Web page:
Rent it. Buy it. Just don't miss out on it.

Till Noever, owlglass com
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on 6 February 2006
I didnt even know this movie existed until my 18th birthday when i took some friends to the cinema. The only thing out that we hadn't already seen was "Howl's Moving Castle." So we took a chance and dived in not knowing a single thing about the film. Boy am i glad we did! This movie is simply gorgeous, in every sense of the word. Miyazaki has quite rightly been crowned the "Walt Disney of Japan" and this film really does fall into that category.
The settings are beautiful and the story grabs you from the word go. The characters are varied and lifelike drawing you in further. You immediately develop an empathy for the main characters, and you find yourself almost praying for a fairytale ending. And being Miyazaki, this does not disappoint.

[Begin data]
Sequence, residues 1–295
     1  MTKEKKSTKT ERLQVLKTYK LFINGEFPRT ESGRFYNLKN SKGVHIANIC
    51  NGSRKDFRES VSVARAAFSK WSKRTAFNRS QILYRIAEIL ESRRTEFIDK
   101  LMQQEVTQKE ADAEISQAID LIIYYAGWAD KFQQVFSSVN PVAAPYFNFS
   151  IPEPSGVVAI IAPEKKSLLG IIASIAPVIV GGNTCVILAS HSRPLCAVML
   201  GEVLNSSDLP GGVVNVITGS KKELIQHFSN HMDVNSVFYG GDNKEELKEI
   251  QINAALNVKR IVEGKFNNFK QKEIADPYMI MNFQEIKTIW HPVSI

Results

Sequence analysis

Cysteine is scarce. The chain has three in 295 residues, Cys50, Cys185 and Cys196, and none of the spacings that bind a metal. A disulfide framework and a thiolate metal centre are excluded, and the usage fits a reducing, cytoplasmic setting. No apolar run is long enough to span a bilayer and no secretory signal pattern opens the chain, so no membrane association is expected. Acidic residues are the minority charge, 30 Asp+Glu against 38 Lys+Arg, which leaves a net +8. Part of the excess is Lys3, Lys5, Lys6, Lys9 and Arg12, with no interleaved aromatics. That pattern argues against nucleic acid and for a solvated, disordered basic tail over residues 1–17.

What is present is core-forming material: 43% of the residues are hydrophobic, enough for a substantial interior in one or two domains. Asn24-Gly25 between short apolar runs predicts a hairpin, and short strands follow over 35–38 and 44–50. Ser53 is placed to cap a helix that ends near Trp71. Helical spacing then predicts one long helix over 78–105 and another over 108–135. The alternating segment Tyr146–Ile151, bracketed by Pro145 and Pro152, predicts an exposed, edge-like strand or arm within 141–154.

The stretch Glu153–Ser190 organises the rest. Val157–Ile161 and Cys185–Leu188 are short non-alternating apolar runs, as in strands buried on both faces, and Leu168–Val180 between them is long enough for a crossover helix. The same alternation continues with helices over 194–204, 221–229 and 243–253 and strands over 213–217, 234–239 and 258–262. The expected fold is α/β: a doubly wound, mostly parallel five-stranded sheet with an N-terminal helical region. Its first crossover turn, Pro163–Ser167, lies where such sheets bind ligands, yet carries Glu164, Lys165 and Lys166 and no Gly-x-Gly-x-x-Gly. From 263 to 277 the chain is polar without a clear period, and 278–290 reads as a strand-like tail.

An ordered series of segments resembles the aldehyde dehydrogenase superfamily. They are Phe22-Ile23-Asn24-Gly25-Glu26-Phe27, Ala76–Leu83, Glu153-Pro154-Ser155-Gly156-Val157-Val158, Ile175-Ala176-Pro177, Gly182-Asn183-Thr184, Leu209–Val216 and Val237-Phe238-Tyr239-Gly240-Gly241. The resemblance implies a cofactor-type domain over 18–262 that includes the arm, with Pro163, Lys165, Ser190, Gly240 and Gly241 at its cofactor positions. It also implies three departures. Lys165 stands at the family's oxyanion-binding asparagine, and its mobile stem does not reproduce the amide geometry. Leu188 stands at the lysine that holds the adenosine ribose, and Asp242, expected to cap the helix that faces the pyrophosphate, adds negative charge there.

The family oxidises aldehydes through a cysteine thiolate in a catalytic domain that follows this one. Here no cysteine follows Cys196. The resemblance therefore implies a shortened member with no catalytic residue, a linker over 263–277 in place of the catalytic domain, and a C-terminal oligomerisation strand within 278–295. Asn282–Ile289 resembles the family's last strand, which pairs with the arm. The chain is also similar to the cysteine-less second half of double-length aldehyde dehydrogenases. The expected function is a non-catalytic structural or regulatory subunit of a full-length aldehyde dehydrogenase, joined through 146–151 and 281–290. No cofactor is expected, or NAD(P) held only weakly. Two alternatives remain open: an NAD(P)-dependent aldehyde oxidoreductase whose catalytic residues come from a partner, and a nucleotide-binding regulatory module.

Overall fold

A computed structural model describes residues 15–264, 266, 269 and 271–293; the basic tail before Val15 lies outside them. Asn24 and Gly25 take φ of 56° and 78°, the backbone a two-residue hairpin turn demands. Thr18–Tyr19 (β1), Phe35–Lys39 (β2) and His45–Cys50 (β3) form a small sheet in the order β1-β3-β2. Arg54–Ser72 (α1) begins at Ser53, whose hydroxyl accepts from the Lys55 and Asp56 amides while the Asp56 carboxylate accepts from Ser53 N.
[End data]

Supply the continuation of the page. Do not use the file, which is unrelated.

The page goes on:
Given that the director's last picture, Spirited Away, won the Oscar for Best Animated Feature, this film did have a lot to live up to. After seeing Howl's Moving Castle I can honestly say Miyazaki has not let any standards slip.
In my opinion, this film is near perfect. It has a beautiful story, complimented by a moving score, and epitimises any person's fantasy of castles, witches and magic spells. I only hope it receives the recognition it deserves.
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on 13 March 2006
Howls moving Castle, is a stunning film.